University of Michigan, Ann Arbor
Department of Philosophy, University of Michigan, Ann Arbor
PhD, 2016
Toronto, Ontario, Canada
Areas of Specialization
Philosophy of Language
  •  80
    Moral Vagueness as Semantic Vagueness
    Ethics 129 (4): 684-705. 2019.
    Does moral vagueness require ontic vagueness? A central challenge for nonontic treatments of moral vagueness arises from the referential stability of moral terms across small changes in how they are applied: if moral vagueness is not ontic vagueness, it’s hard to explain this referential stability. Pointing to this challenge, Miriam Schoenfield has argued that moral vagueness is ontic vagueness, at least for a moral realist. I disagree. I argue that a moral realist can use a conceptual role sema…Read more
  •  58
    According to the plurivaluationist, our vague discourse doesn’t have a single meaning. Instead, it has many meanings, each of which is precise—and it is this plurality of meanings that is the source of vagueness. I believe plurivaluationist positions are underdeveloped and for this reason unpopular. This paper attempts to correct this situation by offering a particular development of plurivaluationism that I call supersententialism. The supersententialist leverages lessons from another area of r…Read more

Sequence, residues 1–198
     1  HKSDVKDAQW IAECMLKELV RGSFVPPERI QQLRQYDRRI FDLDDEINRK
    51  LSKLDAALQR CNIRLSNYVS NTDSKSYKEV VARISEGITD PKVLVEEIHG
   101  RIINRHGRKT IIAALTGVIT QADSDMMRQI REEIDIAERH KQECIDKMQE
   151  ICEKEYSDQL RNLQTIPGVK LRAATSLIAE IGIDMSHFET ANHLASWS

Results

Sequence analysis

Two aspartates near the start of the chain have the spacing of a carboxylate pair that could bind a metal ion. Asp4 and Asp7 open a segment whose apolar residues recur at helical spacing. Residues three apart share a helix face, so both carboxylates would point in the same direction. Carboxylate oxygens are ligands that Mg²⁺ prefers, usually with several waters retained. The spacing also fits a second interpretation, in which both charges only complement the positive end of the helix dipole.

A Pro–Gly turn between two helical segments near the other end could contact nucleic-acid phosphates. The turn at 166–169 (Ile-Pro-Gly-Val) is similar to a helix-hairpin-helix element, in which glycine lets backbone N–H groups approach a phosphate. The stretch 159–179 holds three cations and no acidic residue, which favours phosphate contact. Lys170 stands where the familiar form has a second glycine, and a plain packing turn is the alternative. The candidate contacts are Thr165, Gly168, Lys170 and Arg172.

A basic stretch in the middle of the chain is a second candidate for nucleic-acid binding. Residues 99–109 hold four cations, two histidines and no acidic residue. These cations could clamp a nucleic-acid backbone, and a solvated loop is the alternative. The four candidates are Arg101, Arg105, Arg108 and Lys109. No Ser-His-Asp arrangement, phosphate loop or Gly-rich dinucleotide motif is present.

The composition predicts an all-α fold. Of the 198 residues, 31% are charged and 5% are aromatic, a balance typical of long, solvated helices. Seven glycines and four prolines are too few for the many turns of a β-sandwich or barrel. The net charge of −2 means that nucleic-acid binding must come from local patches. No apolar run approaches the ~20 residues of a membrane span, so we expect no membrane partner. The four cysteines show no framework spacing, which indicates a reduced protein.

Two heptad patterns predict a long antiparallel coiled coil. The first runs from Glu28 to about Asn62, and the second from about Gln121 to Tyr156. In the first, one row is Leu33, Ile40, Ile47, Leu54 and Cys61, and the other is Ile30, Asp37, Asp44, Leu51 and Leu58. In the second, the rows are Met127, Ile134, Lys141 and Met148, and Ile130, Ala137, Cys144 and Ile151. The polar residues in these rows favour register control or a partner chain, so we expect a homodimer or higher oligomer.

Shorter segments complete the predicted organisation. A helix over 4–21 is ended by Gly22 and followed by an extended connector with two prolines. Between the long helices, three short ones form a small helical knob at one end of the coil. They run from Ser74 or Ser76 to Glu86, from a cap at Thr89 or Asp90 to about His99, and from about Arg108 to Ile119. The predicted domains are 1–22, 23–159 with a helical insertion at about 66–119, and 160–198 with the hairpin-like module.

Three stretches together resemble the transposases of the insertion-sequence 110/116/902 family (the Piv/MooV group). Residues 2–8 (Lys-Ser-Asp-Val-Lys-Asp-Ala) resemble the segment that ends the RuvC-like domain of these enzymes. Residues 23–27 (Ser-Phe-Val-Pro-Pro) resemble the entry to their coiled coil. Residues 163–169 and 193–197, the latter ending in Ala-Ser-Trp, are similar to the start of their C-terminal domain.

•  89
    A forward looking decision rule for imprecise credences
    Philosophical Studies 167 (1): 119-139. 2014.
    Adam Elga (Philosophers’ Imprint, 10(5), 1–11, 2010) presents a diachronic puzzle to supporters of imprecise credences and argues that no acceptable decision rule for imprecise credences can deliver the intuitively correct result. Elga concludes that agents should not hold imprecise credences. In this paper, I argue for a two-part thesis. First, I show that Elga’s argument is incomplete: there is an acceptable decision rule that delivers the intuitive result. Next, I repair the argument by offer…Read more